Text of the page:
Wireless sales cement Lucent profits

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Lucent Technologies, the largest US telecommunications equipment maker, reported its second successive profitable year although fiscal fourth quarter profits fell by 69 per cent compared to the year ago period when a tax refund and other items boosted profits.

Net income fell to $374m, or 8 cents a share, from $1.21bn, or 23 cents, a year earlier when the Murray Hill, New Jersey-based company recorded a $1bn or 19 cents a share tax gain. Profit in the latest period was boosted by a $107m or 2 cents a share gain, mostly due to income tax items.

Gross margins improved to 46 per cent in the fourth quarter from 41 per cent in the year-ago perid.

Revenues for the quarter increased by 1.2 per cent to $2.43bn and by 4.4 per cent to $9.44bn for the year. Within the total, Lucent’s mobility business which supplies equipment to the wireless industry continued to show momentum.

Mobility revenues for the fourth quarter declined by 7 per cent to $1.07bn but increased by 12 per cent to $4.6bn for the year.

Senior executives dismissed concerns voiced by some analysts that the quarterly drop suggested that the wireless business had stalled, pointing out that contracts typically take years to negotiate and that Lucent’s mobility business has grown dramatically in recent years. “We are operating from a much higher base,” said Frank D’Amelio, Lucent’s chief financial officer.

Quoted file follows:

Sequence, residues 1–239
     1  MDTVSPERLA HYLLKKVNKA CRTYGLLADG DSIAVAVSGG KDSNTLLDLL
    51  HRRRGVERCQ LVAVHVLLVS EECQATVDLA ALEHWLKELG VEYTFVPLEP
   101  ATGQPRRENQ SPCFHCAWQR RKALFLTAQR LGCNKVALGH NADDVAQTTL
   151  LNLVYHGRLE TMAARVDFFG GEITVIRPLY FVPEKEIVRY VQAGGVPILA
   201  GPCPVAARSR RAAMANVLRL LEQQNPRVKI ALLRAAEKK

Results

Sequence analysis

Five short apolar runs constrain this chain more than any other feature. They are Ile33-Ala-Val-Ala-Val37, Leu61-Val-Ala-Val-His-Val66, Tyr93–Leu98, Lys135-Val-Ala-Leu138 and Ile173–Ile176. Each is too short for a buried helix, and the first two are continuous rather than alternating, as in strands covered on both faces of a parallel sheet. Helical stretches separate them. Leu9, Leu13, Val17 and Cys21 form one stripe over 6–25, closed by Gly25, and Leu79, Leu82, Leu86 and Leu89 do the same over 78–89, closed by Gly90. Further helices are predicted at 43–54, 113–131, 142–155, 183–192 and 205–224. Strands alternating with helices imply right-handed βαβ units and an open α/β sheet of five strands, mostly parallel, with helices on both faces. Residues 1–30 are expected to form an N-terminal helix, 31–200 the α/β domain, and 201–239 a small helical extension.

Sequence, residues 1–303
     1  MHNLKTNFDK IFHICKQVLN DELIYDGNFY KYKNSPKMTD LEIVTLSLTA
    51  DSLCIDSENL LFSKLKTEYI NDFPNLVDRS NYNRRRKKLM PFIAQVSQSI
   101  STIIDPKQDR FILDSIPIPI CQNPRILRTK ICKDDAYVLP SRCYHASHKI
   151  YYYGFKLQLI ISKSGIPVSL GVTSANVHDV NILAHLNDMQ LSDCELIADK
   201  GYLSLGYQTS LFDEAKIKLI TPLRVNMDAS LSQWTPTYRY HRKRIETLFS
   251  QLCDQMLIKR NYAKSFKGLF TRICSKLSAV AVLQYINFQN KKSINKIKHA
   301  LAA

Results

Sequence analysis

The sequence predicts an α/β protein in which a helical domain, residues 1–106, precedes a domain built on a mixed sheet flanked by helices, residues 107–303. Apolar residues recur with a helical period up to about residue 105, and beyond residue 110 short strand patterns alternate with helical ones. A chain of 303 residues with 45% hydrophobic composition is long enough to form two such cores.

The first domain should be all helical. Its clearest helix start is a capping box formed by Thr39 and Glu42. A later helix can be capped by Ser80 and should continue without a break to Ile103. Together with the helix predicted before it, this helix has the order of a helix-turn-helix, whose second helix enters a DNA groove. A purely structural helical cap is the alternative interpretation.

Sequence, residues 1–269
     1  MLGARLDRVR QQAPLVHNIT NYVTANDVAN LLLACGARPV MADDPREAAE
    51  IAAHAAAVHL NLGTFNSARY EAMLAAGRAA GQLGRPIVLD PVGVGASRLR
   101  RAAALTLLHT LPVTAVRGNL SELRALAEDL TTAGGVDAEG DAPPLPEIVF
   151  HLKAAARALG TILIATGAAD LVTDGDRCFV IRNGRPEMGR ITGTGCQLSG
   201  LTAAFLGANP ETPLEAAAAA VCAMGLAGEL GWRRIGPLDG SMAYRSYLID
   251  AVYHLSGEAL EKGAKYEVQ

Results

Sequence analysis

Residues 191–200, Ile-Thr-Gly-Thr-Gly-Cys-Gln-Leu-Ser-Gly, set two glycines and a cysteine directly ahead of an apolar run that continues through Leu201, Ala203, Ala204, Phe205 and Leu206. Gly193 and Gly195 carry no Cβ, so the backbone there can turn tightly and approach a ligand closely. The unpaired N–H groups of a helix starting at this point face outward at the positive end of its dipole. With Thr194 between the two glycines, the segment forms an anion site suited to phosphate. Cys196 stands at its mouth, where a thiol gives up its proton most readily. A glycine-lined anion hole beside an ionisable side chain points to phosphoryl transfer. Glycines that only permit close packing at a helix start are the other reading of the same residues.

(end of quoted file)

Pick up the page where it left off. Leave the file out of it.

Patricia Russo, chief executive, has steered Lucent towards sales of equipment to mobile-phone carriers including Cingular Wireless and Verizon Wireless in the US as they roll out 3G networks based on CDMA (code division multiple access) technology.

Networking and wireline equipment sales rose 6.2 percent to $739m. Lucent won contracts from companies including Hanarotelecom Inc., South Korea’s second largest provider of broadband Internet access, to provide equipment for VoIP services.

Ms Russo has built Lucent’s turnaround strategy after the technology crash around focusing on the technologies that will power the next generation of both wireless and wired communications networks.

“We have placed a big bet on .IMS (IP Multimedia Subsystem),” she said on Wednesday. ““We have firmly established ourselves as the leader in the race for next generation neworks based on the IMS architecture, and we have been making steady progress in the areas we have targeted for growth such as IMS, 3G mobile networks, services and next-gen access and optical.”

She highlighted multi-year contracts that Lucent announced last week to provide IMS services to both SBC Communications and Cingular, the wireless joint venture owned by SBC and BellSouth.

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